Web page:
John Kneeland said Nokia was releasing what he called a “3D printing development kit” to help people produce the cases. The files are already available on the site Nokia maintains for its developers.
He said 3D printing was another way that the firm wanted to build links to that vast community of software and hardware engineers. To get the files, users must have registered with Nokia.
He said Nokia already used 3D printing internally to do rapid prototyping, but decided to back it more publicly to help the nascent technology realize its “incredible potential”.
In the future, he said, 3D printing was likely to bring about phones that were “wildly more modular and customizable”.
Nokia might just end up selling a phone template, he said, allowing entrepreneurs to use that to produce handsets that satisfy the particular needs of their locale.
“You want a waterproof, glow-in-the-dark phone with a bottle-opener and a solar charger? Someone can build it for you – or you can print it yourself,” he wrote.
He added that, in his view, 3D printing was a technology that justified its hype and said it was “the sequel to the Industrial Revolution”.
“However, it’s going to take somewhat longer to arrive than some people anticipate, and that may disappoint people,” he said.
Asha, the budget smartphone line from Nokia, is outselling its premium handset offering, the Windows-run Lumia, by over two to one.
Nokia’s quarterly results, published on Thursday, revealed the total number of both Asha and Lumia devices sold in the last three months of 2012 was 14 million. Only 4.4 million were Lumias.
There have also been rumors that Apple may offer a lower-priced iPhone model.
Reports that a senior Apple executive denied this have been withdrawn.
“We forecast that by 2016, 31% of the global overall handset market will be low-end smartphone,” said Ian Fogg, principal analyst at IHS.
“An entry-level smartphone is very different from a high-end smartphone,” he said.
“Smaller, cheaper devices have processors from two or three years ago, they have small screens with low resolution, and weaker cameras. They can all do email and the web but gaming and browsing is a much better experience on the higher end phones.”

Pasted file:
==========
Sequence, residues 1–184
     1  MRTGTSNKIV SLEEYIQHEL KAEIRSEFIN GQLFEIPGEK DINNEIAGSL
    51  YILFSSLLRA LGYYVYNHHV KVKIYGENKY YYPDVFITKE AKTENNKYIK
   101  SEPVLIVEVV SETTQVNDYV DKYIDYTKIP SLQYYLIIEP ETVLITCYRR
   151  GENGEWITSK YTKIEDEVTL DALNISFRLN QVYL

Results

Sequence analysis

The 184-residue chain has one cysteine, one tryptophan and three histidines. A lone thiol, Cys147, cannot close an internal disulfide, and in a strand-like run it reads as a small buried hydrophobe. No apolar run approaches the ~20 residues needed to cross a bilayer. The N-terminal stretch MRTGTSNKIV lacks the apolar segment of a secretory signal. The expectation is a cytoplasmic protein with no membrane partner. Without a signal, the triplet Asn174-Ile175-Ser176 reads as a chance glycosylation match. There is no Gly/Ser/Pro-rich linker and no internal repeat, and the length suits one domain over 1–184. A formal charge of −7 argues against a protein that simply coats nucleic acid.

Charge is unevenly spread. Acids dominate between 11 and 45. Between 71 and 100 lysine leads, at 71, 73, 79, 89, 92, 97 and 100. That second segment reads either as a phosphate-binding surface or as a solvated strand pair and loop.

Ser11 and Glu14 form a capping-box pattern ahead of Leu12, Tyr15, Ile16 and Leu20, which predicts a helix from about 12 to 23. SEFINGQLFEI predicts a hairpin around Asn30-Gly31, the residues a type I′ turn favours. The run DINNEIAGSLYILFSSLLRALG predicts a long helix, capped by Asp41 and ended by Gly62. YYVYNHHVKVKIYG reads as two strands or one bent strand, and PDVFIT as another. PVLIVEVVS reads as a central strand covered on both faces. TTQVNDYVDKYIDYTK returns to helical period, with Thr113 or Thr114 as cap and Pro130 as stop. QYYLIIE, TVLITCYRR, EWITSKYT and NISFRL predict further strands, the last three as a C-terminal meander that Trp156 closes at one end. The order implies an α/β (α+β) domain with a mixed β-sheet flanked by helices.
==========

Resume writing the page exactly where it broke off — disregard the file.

Asha, the budget smartphone line from Nokia, is outselling its premium handset offering, the Windows-run Lumia, by over two to one
However, the difference in cost to the consumer is significant.
“Apple still play out at the premium end of the market,” said Ian Fogg.
“Can they remain profitable and successful being in a small part of the handset market or do they need to be a bigger player to get the economies of scale right?”
“Apple makes high quality products, it doesn’t make cheap products,” he added.
“That doesn’t rule out Apple creating a cheaper iPhone that still has high quality components. Look at the iPod range – they started with a premium price product, then they added the mini, the nano, the shuffle – they went to a range of products hitting different price points.”
Ian Fogg pointed out that there are currently variations of the iPhone 4, 4S and 5 available at different prices.
“Their strategy has been to reuse previous generation model rather than build a new model,” he said.
“Apple, I’m sure, is evaluating that strategy. Is it better to use a tried and trusted design that they know how to manufacture and that the consumer understands, or is it better to design a new model that hits that price point?”
At the Consumer Electronics Show in Las Vegas this month, Chinese phone manufacturer ZTE announced plans to launch a lower-end smartphonerunning on Mozilla’s Firefox operating software in Europe this year.
“I think Apple should be more aggressive with its smartphone range,” said Ian Fogg.
“I think the strategy they have had of reusing previous year’s models has been quite smart, but there is also an opportunity to design a new product that hits that low price point.”
Nokia has apologized after it emerged that an advert featuring video footage which appeared to have been filmed with its new flagship smartphone Lumia 920 had in fact been created using different equipment.
The Verge tech site revealed the issue after it noticed a window reflection revealed a cameraman holding what appeared to be an SLR camera.
In a blog post the handset maker said it should have “posted a disclaimer”.
The news threatens to take the shine off the launch of the Lumia 920 phone.
Investors had already shown doubts about whether the Windows Phone 8 handset could revive the Finnish company’s fortunes, sending its shares nearly 8% lower on Wednesday.